Wednesday, January 30, 2013

927. Buffalo 66 (1998)

Running Time: 110 minutes
Directed By: Vincent Gallo
Written By: Vincent Gallo, Alison Bagnall
Main Cast: Vincent Gallo, Christina Ricci, Anjelica Huston, Ben Gazzara, Kevin Corrigan


"I'm asking you to come there and make me look good. Alright? And if you make a fool out of me, I swear to God, I'll kill you right there. Boom! Right in front of Mommy and Daddy. And I'll tell you something else, you make me look bad... I will never ever talk to you again, ever. But if you do a good job, well, then you can be my best friend. My best friend that I've ever had. You hear me?"

I'm going to start trying - with the key word here being "trying" - to include a quote, underneath the subtitle, of each review. I feel that a quote gives you readers a chance to get an even bigger taste of what the movie is all about, in addition to my review and plot synopsis. Needing something to watch until I get my next Billy Wilder movie (although I DO have "Ace in the Hole" and "The Apartment" in my possession, so I may just end up watching the Wilder movies out of order...stay tuned) I took to my DVD shelf and plucked off an old favorite.

Billy Brown (Gallo) has just been released from prison. Through back story, we learn that Billy was actually innocent. When he placed a $10,000 bet on the Buffalo Bills to win the SuperBowl, he didn't count on kicker Scott Wood missing the game winning field goal. When the bookie comes calling, Billy doesn't have the ten large to cover his bet, so in exchange the bookie asks Billy to take the blame for a crime a friend of his committed, or else "horrible things will happen to Billy and his family". Billy confesses to a crime he didn't commit and five years later finds himself released and in urgent need of a bathroom. While Billy was away, he had a friend, Goon (Corrigan), mail packages and letters to his parents and orchestrated a cover story so that his parents would just think he was away with a new job, instead of rotting away in prison. He also made up a pretend wife and threw in every detail he could think of to make himself look good in his parents eyes. When Billy finally finds a bathroom, he also finds a girl, Layla (Ricci), good looking enough to be his wife, so he kidnaps her and tells her his story. Despite being less than "nice" with her, Layla agrees to do the favor for Billy, accompanying him to his parents house and pretending to be Billy's wife, Wendy Balsam. It's becomes easy to see why Billy wanted to make himself look good in his parents eyes, as they're not very loving toward him and basically ignore him, even after not seeing him for five years. Once Billy and Layla leave Billy's parents' home, they make a few stops: Billy swings by the old bowling alley to roll a few frames, at Denny's they get beverages and run into the real Wendy Balsam and then it's off to a hotel, where Billy plans to wait until 2am, at which time he plans to murder Scott Wood, the clumsy field goal kicker who, through a series of unfortunate events, sent Billy to prison.

This is yet another one of those famed "movies my big brother showed me". Regular blog readers may recall my dislike for writing about movies that I previously enjoyed, before my journey. It's always hard for me to write about films that I've loved for so long, because in most instances I've forgotten the original reasons why I fell in love with them and it all comes down to a reason of "I just like them and that's that". But, of course, I'll try to commit my thoughts to the blog, as always.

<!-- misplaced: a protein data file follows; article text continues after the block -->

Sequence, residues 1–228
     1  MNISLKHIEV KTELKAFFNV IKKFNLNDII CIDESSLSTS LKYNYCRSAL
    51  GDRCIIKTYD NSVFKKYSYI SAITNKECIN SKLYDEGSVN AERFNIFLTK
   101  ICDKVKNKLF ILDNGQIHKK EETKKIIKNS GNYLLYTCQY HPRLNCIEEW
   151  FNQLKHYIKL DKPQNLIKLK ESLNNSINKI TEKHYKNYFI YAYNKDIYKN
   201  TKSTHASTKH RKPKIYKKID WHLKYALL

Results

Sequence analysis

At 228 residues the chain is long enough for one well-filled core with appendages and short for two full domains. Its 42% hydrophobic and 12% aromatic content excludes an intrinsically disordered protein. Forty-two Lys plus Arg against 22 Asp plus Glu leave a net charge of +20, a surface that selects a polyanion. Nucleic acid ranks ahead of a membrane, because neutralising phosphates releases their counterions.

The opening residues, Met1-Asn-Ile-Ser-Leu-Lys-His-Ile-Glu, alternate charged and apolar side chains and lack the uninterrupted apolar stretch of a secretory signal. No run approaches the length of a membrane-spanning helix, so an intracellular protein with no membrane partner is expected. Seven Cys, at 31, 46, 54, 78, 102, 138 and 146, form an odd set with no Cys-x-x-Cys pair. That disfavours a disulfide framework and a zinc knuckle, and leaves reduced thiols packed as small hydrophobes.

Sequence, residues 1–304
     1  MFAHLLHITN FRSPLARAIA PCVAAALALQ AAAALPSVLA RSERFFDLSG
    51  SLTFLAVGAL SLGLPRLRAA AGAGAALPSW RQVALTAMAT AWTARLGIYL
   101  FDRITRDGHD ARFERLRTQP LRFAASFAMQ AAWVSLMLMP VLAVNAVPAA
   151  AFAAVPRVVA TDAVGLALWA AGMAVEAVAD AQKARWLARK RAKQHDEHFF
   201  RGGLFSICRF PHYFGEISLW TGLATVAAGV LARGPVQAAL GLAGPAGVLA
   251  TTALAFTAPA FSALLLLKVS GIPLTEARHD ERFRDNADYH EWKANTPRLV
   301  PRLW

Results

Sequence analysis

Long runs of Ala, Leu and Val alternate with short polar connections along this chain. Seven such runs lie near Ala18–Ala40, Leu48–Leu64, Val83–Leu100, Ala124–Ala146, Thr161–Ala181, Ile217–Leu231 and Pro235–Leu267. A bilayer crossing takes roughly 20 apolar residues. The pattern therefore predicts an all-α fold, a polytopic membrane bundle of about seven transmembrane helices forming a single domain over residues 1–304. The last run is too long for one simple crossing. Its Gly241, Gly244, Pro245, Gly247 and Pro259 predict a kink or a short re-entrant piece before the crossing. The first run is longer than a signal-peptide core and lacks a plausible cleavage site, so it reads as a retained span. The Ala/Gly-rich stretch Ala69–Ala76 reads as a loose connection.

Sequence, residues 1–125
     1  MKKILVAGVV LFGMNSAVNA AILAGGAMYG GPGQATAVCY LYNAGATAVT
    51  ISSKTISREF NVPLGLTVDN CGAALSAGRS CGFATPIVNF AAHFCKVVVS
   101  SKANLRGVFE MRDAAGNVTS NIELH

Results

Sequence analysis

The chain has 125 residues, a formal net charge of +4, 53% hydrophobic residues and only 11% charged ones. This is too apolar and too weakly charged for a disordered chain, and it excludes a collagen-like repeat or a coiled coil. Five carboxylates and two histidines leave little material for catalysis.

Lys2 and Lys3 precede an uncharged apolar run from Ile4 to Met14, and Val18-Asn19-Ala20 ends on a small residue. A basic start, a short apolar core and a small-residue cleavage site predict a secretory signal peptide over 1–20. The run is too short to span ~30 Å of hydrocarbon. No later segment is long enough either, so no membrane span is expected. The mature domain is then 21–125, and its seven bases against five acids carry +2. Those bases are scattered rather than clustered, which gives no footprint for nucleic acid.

"Buffalo 66" is unique, original, contains a great cast, despite it's less than impressive budget and has Vincent Gallo all over it - a man who doesn't look like that appealing a human being in real life, but who knocks it out of the park in his directorial debut. If you check out the history of Gallo and his actions & comments he's made toward such people as Roger Ebert and even Christina Ricci, he seems like...well, an asshole. But this blogger, when reviewing a film, is less concerned with the person and more concerned with the artist and it's not hard to see that Gallo is a talented individual, who made bold choices that paid off when it came to "Buffalo 66". The film isn't conventional, by any means. It uses unique, original shots, quirky dialogue that somehow, within the confines of this film, comes off as sounding very original and unforced and contains a plot that is both funny and sad. Literally, with a few slight turns of the screws, you could turn this film into a full blown comedy or a full blown drama, but as it is, it's both. From the opening scene of Billy Brown being released from prison, the film sucks you in and uses the hook of a man trying to find a bathroom to get us all we've all been there. A hook so simple serves as the bridge to get us invested in the rest of the picture and scene after scene we're sucked into Billy's world; hating him, loving him and, near the end, ready to cry for him.

RATING: 10/10  You know, call that a short review, but that may be one of the best paragraphs I've ever written on a movie, so call this review a success. "Buffalo 66" will undoubtedly make the next TOP 20, but in all honesty, I could see it being toppled for the #1 spot.


January 30, 2013  6:45pm

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